Intelligence Squared debate: Do Grandma's benefits imperil Junior's future? Oct. 4 at NYU.

Live debates about fascinating and contentious topics.
Sept. 23 2011 3:46 PM

Grandma's Benefits Imperil Junior's Future

How you can watch—and participate in—the live Slate/Intelligence Squared debate Oct. 4 at NYU.

Child and her grandmother.
Is entitlement reform necessary for future generations?

As Texas Gov. Rick "Ponzi scheme" Perry may be learning, entitlement reform is a risky issue for any politician seeking national office. Sixty percent of Americans oppose cutting Social Security or Medicare benefits. A candidate with an interest in, say, winning the election, is more likely to support the status quo than advocate for benefit slashing. Off the campaign trail, many economists and politicians insist that cutting entitlements is the key to future fiscal security. Another group counters that other government programs are far more problematic, and should be cut first.

This contentious question of entitlement reform is the subject of the next Slate/Intelligence Squared U.S. live debate on Oct. 4. We'd like to invite you to attend the debate—we're offering Slate readers a 30 percent discount on tickets (see below)—and you're invited to submit questions for the debaters. We'll pick the most interesting one and moderator John Donvan will ask it at the debate.

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The proposition of the debate is "Grandma's benefits imperil Junior's future." In other words, do entitlements such as Social Security, Medicare, and Medicaid saddle young Americans with unmanageable debt, asking them to sacrifice their future for the sake of today's elderly and poor? Or if we cut these programs, would we be balancing the budget on the backs of the aged and sick, leaving behind society's most vulnerable?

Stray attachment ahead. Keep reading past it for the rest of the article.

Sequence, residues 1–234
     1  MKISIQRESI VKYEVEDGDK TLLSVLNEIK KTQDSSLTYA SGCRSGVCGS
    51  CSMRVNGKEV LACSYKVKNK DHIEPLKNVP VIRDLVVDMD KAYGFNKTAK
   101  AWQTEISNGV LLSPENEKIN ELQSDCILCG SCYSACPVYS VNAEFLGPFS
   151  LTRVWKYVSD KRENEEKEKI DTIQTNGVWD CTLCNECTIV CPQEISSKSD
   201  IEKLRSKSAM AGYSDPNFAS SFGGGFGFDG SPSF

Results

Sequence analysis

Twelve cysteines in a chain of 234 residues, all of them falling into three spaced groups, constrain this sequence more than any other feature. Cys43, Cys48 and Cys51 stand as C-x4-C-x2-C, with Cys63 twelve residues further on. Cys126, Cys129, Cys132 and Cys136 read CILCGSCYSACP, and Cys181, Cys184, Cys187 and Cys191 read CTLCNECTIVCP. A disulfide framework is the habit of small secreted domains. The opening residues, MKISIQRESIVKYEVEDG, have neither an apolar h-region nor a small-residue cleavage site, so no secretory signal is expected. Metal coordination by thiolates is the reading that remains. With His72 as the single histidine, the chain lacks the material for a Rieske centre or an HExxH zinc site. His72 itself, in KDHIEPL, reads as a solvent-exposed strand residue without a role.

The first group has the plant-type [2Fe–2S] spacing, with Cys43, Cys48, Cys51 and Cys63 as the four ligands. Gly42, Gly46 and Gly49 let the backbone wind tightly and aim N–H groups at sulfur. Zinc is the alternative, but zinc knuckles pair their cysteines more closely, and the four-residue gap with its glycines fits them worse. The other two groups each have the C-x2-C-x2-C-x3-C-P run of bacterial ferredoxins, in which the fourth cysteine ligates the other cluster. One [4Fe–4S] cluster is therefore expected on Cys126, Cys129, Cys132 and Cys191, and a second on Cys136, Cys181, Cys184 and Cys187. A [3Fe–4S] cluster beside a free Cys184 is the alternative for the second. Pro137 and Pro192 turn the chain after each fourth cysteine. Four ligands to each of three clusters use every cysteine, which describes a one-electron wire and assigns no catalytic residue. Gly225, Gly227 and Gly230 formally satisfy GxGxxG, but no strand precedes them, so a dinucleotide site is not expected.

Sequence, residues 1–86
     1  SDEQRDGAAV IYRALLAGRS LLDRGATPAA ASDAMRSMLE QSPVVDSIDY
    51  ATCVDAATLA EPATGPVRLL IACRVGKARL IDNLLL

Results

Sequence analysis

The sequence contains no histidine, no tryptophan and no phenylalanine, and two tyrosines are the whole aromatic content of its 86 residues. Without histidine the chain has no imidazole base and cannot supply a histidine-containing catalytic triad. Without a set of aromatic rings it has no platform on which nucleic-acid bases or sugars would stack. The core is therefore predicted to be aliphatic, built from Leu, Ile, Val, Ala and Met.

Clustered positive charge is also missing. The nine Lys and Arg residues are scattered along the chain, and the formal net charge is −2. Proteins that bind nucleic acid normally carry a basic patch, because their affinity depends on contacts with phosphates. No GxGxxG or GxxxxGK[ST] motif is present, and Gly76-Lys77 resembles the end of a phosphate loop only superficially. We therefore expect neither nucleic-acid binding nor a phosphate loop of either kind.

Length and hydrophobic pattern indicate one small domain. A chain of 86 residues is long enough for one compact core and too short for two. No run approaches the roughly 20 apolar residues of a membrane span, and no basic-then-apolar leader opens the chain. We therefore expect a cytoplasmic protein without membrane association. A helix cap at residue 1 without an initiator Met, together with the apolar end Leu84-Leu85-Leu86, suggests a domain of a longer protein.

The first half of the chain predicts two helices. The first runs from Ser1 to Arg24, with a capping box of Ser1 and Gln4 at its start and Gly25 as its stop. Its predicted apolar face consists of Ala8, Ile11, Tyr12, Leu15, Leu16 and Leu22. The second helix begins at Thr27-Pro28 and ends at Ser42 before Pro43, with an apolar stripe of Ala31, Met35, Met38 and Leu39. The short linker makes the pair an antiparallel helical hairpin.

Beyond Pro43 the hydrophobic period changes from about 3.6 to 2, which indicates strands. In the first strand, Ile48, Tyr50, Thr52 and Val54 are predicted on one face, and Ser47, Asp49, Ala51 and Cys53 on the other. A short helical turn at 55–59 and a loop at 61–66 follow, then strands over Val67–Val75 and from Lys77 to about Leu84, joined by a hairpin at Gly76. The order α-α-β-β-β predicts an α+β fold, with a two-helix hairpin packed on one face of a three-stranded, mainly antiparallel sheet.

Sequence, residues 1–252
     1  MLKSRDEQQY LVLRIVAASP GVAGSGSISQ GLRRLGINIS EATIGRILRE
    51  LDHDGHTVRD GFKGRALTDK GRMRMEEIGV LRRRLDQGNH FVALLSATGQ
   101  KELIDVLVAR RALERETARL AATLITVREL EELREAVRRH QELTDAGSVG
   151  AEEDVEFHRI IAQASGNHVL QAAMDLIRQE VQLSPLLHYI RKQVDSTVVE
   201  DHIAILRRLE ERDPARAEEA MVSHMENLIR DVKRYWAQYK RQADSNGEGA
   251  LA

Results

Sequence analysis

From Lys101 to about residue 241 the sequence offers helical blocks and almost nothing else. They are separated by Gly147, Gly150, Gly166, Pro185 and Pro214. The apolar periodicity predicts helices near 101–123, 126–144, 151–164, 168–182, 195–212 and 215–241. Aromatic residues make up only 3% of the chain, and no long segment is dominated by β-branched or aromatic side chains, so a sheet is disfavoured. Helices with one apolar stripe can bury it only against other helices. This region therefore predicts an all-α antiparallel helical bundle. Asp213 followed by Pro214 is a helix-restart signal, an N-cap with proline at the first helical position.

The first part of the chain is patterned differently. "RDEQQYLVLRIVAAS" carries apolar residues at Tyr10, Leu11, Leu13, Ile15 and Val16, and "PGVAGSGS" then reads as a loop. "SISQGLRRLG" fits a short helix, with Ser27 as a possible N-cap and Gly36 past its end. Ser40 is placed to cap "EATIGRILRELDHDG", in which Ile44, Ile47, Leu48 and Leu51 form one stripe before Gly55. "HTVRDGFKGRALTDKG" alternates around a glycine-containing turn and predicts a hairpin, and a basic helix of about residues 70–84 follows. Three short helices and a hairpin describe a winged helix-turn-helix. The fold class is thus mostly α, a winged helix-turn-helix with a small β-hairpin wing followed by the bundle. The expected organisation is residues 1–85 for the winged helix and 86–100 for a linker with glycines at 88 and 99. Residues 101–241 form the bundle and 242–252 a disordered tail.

Can't be at the event? Come back here Tuesday night to watch streaming video of the event.

Watch live streaming video from intelligencesquaredus at livestream.com

Join us at NYU's Skirball Center in New York City for an Oxford-style live debate. Fox News commentator Margaret Hoover and Mort Zuckerman, chairman and editor-in-chief of U.S. News & World Report will argue for the motion. Howard Dean, the former DNC Chairman and Gov. of Vermont will team up with Jeff Madrick, the editor of Challenge magazine, to argue against the motion.

If you've got a question for the debaters, write it below in the comments section of this article. We'll select one to read live at the debate. Be sure to include your full name and hometown with your question.

The details about the debate:

When/Where: Oct. 4, 2011 at Skirball Center for the Performing Arts, New York University, located at 566 LaGuardia Place (at Washington Square South).

The evening begins at 5:45 p.m. with a cash-bar reception for panelists and audience members; the live debate starts at 6:45 p.m. and ends at 8:30 p.m. For venue information, click here.

Tickets: $40 ($12 for students with ID). Purchase tickets here, and be sure to enter the special Slate promotional discount code, Slate30, to receive 30 percent off your ticket.